Cash advances are essentially loans that are funded from the open balance in a credit card account or a line of credit. Many credit card providers include this feature as part of the services provided to customers. The maximum amount that can be borrowed and the frequency of the allowed advances will vary depending on the terms and conditions of the credit card or line of credit agreement.
How a Cash Advance Works
Along with the credit limit assigned to a credit card or line of credit, the issuer will also usually set what is known as a cash advance limit. This limit may equal the currently available credit limit, or be only a percentage of that amount. The cardholder can get a cash advance at an ATM using the personal identification number (PIN) assigned by the credit card issuer, or at the bank counter if that bank is the issuer of the card. Some credit cards also supply "convenience checks" on the account that can be used in some locations where credit cards are not accepted; these checks are typically considered cash advances.
As long as the requested amount does not exceed the current cash advance limit, a cash advance from an ATM should dispense real currency. If the amount does exceed the limit, the ATM may still dispense the money — or the convenience check may still be honored — but the exchange may be flagged. The advance might be handled in the same manner as a purchase over the credit limit, incurring a penalty or other fee.
Why Use a Cash Advance?
Even though debit and credit cards are accepted in most locations, there are still some services and vendors that require immediate payment by cash or check. Taking out a personal loan for a relatively small amount of cash could prove expensive, while debit cards can only supply what currently exists in a savings or checking account. During a cash emergency, such as paying an medical bill or a mortgage payment, taking out a cash advance against the balance of a credit card may be a good solution.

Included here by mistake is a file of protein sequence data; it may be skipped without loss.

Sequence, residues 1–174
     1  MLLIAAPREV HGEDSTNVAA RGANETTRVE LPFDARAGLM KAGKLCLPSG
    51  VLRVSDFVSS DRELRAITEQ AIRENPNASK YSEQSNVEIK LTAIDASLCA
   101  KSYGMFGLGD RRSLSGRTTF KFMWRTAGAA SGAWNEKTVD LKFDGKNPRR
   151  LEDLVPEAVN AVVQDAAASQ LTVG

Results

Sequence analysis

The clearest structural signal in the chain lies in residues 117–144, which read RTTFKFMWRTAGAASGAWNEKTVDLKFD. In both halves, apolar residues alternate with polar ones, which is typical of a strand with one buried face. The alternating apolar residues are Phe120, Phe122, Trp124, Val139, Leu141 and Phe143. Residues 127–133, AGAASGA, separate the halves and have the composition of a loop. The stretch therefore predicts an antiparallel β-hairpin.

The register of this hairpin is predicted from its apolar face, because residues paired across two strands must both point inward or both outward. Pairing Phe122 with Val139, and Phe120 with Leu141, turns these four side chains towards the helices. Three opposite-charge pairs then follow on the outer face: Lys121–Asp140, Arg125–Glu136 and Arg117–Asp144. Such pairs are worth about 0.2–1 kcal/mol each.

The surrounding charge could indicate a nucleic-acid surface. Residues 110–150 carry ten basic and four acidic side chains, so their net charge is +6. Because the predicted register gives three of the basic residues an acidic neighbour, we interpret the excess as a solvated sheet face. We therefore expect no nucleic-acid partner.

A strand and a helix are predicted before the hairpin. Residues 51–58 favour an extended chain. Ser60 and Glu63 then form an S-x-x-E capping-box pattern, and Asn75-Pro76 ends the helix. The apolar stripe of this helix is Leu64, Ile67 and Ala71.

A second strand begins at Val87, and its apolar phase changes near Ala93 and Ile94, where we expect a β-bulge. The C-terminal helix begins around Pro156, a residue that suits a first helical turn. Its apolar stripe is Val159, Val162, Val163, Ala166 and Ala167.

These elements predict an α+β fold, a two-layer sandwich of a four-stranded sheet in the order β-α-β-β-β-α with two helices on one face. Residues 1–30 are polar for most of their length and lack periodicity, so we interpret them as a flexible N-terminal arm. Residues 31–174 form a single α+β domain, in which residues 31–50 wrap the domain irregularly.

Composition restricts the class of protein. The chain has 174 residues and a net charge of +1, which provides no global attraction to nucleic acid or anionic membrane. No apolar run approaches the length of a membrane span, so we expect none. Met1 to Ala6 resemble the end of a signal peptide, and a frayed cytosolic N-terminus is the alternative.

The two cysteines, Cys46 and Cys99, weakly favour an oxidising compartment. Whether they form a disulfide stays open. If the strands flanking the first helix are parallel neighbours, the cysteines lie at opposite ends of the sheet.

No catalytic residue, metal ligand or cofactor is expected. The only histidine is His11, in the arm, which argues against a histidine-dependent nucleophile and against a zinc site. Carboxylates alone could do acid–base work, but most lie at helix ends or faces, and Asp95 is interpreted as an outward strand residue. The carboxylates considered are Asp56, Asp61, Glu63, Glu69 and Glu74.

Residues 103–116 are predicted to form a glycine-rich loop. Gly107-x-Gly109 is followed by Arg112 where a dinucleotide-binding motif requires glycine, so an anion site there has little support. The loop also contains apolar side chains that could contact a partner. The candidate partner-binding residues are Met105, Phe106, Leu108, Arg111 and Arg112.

What Does It Cost?
Using a cash advance option can prove to be expensive, so it's always best to explore other payment methods before incurring more debt. Credit card issuers often charge high fees for taking out a cash advance, on top of the high interest rates that are typically charged on the amount borrowed. Any money borrowed through an advance will be added to the balance owed on the card, along with any applicable interest payments and other finance charges.
The interest rate applied to advances is often much higher than the rate applied to card purchases, and monthly credit card payments are often credited toward the purchases with the lowest interest rates first. This means that a cash advance may stay on the account longer and continue to be subject to that high interest rate until the entire credit card debt is paid off. In addition, there is usually no grace period for cash advances. When a consumer makes a credit purchase, he or she typically has until the next payment on the card is due before any interest is charged on that purchase. Interest begins to accrue immediately on cash advances.
In addition, getting a cash advance at an ATM usually costs more than other methods. Most ATMs charge fees set by the machine's owner, which must be paid on top of any fees that the credit card issuer charges for the service.
Cash Advance Payday Loans
In some cases, a payday loan may also be called a cash advance, since the loan is an "advance" on the borrower's next paycheck. These small, short-term personal loans can be quite expensive, and often include high fees and interest rates. Payday loans are controversial in many places, and are even illegal in some jurisdictions.